Sustainability has come a long way in a decade. Once seen as a negative thing, sustainability is increasingly being recognised as a source of advantage for business. A number of companies stand out as exemplars in this field and their stories provide the backbone of this book by sustainability consultant Freya Williams.
Williams is as much an insider as an observer, and the blurb here says she was the brains behind campaigns such as Coca-Cola’s PlantBottle, Hellmann’s switch to free range eggs and the award-winning Copenhagen campaign in support of the United Nations at the COP15 climate change conference.
Her skill, it seems, is in making sustainability relevant to the mainstream. Williams has drawn firm conclusions from the case studies she has examined to produce a very readable work on a subject that often receives a dull treatment.
The green giants are businesses with a turnover of $1 billion or more that can be directly attributed to a product, service or line of business with sustainability at its core. They include restaurant chain Chipotle, which raises the meat in all its products in natural and sustainable ways, Unilever which is committed to halving its environmental footprint by 2020 and Tesla which makes the first commercially successful all-electric vehicle. Some businesses, meanwhile, have specific product lines that are sustainable, such as Toyota Prius or Ikea’s Sustainable Life at Home range.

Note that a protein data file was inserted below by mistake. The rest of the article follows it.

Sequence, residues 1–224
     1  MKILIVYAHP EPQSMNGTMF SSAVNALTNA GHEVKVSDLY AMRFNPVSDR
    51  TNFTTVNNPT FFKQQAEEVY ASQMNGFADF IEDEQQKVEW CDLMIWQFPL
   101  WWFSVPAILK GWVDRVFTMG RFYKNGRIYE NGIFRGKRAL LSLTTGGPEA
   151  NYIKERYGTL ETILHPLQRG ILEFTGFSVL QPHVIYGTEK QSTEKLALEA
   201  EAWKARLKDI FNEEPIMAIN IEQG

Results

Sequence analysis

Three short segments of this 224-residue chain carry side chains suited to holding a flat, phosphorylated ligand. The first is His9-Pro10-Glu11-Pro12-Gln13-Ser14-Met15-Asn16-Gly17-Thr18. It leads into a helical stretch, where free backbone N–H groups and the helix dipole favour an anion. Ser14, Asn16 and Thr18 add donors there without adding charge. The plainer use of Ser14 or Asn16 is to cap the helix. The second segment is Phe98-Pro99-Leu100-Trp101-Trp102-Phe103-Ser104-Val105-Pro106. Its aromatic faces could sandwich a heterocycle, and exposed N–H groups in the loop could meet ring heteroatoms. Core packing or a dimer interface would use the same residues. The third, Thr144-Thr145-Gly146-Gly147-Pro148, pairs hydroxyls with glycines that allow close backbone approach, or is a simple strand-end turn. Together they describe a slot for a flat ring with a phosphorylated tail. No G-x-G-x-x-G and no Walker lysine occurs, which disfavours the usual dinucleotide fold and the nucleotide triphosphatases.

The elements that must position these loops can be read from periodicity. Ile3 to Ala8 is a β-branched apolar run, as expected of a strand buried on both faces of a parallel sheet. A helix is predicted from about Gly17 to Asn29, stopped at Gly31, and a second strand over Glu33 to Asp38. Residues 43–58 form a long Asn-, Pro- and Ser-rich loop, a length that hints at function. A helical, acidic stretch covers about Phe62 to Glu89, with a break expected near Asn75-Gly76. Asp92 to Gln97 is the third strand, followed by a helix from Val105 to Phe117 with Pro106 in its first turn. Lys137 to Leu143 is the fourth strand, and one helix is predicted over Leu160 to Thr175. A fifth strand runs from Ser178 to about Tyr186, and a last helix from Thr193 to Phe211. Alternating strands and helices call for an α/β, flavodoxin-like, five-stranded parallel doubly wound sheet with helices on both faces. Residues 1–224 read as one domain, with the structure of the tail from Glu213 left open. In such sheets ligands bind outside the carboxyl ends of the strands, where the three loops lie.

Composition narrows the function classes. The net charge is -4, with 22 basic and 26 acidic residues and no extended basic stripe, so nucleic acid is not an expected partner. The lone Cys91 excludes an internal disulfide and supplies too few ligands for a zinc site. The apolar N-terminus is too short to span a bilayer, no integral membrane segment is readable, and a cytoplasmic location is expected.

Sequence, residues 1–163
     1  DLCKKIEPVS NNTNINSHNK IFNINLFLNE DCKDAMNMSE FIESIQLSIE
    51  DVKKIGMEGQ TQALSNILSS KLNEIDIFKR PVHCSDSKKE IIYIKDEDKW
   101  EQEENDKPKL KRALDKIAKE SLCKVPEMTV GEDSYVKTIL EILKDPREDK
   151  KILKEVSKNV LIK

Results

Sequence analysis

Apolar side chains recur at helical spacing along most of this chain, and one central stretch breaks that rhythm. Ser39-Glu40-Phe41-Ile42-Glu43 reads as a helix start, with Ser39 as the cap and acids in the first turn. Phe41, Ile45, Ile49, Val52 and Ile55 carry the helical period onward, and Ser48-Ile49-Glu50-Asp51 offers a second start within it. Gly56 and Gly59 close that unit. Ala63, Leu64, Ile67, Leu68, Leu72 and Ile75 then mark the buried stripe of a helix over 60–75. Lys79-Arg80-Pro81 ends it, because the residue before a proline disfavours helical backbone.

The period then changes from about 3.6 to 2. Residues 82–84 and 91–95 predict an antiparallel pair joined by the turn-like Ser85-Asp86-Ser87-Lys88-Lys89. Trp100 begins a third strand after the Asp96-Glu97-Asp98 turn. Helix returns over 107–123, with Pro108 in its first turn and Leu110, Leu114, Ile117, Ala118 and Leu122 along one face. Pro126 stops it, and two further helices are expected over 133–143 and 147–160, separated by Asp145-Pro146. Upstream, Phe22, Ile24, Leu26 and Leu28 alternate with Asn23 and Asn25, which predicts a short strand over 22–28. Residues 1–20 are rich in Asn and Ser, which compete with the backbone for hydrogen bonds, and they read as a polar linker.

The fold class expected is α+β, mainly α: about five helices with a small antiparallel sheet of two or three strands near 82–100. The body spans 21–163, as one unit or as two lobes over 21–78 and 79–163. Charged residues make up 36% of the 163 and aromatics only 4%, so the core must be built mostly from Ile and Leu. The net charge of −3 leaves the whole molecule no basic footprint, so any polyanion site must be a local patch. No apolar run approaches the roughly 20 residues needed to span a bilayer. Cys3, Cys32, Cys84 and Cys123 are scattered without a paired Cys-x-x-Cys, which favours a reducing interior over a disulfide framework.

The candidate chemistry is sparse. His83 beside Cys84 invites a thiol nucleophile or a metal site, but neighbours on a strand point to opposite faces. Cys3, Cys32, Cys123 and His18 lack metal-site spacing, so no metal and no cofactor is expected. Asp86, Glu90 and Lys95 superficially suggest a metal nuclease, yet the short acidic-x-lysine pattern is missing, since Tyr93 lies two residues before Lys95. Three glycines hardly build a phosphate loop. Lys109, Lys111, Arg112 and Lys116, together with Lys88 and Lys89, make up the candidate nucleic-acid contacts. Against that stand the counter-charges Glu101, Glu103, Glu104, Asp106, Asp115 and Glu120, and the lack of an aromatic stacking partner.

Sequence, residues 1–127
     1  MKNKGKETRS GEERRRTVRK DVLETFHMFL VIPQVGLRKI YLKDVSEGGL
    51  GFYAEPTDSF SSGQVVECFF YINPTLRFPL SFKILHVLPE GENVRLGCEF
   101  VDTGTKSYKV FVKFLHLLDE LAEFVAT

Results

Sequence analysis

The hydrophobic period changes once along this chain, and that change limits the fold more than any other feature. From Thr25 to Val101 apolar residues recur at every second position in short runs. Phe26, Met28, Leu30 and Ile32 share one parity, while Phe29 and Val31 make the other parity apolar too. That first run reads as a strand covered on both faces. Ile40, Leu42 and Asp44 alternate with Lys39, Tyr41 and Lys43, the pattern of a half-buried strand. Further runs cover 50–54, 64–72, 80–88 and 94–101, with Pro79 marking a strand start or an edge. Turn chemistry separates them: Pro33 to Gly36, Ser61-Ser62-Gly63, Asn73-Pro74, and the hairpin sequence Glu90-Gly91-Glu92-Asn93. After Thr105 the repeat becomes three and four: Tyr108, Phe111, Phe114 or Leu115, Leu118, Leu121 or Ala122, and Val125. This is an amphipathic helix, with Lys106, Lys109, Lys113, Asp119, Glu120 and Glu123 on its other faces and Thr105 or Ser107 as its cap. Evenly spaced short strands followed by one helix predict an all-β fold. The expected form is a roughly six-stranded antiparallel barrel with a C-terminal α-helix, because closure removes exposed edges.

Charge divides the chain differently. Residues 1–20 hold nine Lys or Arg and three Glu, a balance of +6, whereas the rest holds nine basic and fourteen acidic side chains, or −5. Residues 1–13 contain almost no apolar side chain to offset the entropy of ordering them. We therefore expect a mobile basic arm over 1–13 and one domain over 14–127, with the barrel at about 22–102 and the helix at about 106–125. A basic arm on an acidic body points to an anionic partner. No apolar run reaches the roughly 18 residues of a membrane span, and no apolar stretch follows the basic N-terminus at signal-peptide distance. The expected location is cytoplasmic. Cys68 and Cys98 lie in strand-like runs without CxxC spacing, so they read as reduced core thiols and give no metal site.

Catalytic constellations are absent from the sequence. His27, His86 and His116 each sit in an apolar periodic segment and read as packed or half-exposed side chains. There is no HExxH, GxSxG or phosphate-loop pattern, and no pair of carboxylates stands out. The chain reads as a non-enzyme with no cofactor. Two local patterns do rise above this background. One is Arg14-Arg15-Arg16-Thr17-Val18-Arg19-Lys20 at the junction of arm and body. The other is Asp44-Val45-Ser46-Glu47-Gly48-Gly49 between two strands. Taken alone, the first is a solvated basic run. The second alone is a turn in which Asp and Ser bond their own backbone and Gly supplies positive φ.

Old attitudes persist, however. Williams quotes conservative economist Milton Friedman dismissing businesses with a social conscience as “unadulterated socialism” in the 1970s. That view has hardened in some quarters, driven by the cynicism and short-term thinking of Wall Street.
Scepticism about environmental concerns is rife in some boardrooms. In a briefing to journalists in 2008, Bob Lutz, then vice-chairman of GM, famously called global warming “a crock of shit”.
The green giants remain the exceptions for now but the scale of these businesses is impressive and more are following. Airbnb, Patagonia, The Honest Company and SweetGreen are all expected to reach the €1 billion mark soon.
Sustainability is not a niche, but an enlightened way of making serious money. Common characteristics include having iconoclastic leaders, such as Chipotle chief executive Steve Ells. We read how we underwent a Pauline conversion to more humane livestock-rearing after being shocked by practices in a supplier farm. He resolved to source more stock from farms with more humane practices. Colleagues argued the extra cost would sink his business to which he purportedly replied: “I don’t care. It’s the right thing to do.”